Watch “The Little Mermaid” animated cartoon and it’s a short, comical story told with excellent songs. Then watch the live-action version of “The Little Mermaid” and you’ll notice a difference. First, the live-action version changed the story slightly. Second, the live-action version isn’t as comical as the animated version but adds additional depth and emotion to the story.
In both versions, Ariel is a mermaid who is unhappy living as a mermaid. She yearns to see the outside world where humans exist. In the animated version, Ariel is the focus of the story, but in the live-action version, they added more details to make Eric the prince similar to Ariel.
Like Ariel, Eric also feels trapped by his father who also happens to be a king. Eric wants to wander the ocean while his father and mother want him to stay in the castle. Eric’s feeling of being trapped perfectly mirrors Ariel’s feeling of being trapped.
To further parallel the emotional state of Ariel and Eric, the live-action version has Ariel wander into a room where Eric keeps artifacts he’s discovered from the ocean. This perfectly mirrors Ariel’s own fascination in collecting artifacts from the human world.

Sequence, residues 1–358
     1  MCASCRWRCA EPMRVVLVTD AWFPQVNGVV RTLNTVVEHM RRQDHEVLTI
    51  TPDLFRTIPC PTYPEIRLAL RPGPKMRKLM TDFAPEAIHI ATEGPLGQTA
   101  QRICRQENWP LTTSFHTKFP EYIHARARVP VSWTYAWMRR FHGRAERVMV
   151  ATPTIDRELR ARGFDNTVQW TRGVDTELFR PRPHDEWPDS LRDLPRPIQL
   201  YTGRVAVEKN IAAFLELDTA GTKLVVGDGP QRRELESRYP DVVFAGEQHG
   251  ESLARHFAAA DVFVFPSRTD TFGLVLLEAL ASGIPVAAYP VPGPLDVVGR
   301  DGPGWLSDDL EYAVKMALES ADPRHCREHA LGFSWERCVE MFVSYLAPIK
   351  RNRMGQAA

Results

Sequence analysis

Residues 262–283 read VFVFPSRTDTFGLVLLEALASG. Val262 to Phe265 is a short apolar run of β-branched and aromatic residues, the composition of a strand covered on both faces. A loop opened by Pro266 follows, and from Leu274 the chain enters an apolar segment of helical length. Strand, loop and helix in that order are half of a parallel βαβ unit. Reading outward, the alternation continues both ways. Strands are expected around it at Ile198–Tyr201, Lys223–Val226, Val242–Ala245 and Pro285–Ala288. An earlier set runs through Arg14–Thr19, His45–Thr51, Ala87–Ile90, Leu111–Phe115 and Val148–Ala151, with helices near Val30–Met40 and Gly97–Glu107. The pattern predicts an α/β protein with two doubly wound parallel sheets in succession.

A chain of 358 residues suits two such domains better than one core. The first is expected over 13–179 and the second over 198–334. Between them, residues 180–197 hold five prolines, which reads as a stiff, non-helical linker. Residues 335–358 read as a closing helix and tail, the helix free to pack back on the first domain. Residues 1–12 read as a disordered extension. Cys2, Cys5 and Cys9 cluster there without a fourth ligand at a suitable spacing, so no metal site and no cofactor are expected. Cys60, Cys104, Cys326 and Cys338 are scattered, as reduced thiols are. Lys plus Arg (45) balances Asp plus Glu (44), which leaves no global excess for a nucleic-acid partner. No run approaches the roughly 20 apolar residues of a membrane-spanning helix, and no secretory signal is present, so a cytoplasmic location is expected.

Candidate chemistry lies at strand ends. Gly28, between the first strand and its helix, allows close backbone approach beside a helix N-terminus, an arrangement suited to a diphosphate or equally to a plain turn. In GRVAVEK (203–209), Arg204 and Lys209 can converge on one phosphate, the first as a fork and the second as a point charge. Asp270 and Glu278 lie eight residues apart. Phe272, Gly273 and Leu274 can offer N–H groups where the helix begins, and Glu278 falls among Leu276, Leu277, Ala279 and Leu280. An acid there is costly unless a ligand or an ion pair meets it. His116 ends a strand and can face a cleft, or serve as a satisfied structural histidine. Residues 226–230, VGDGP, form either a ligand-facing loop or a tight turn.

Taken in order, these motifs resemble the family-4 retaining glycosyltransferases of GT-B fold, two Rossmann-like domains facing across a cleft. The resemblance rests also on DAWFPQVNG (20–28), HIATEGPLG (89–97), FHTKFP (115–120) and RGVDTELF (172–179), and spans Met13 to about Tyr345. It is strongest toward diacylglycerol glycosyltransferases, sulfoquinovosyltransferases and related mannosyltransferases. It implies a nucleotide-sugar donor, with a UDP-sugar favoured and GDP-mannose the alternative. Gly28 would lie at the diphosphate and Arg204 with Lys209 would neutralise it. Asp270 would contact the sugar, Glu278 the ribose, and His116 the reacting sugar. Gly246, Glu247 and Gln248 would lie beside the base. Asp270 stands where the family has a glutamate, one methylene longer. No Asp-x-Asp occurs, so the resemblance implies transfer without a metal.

The live-action version gives more background information about Eric and his life, but it exactly mirrors Ariel’s life, which helps bring them closer together since they both think alike and feel trapped in similar ways. This is a huge improvement over the animated version, although the animated version is more comical with more interesting musical numbers that the live-action version fails to match.
By comparing the two versions of the same story, you can see how each version tells the story. People will always prefer one version over the other, but by studying both, you can see what each one got right and wrong.
The main lesson is to notice that by mirroring Ariel’s own emotional state in Eric, the live-action version makes the two main characters feel like they’ve found their perfect partner.
Mirroring the hero is a crucial technique to tell any story. In any good story, there’s a hero and a villain who represents the evil version of the hero. Then there’s another mirror between the villain and the hero’s mentor, who represents a good version of the villain. Finally, there’s often an ally who has problems similar to the hero.
Mirroring the hero through multiple characters can strengthen any story so be sure you make every character a mirror image of somebody else in your story. Audiences may not consciously notice such mirroring but if mirroring doesn’t exist, the story will suffer and audiences will definitely know something’s wrong with your story even though they may never know exactly what that might be.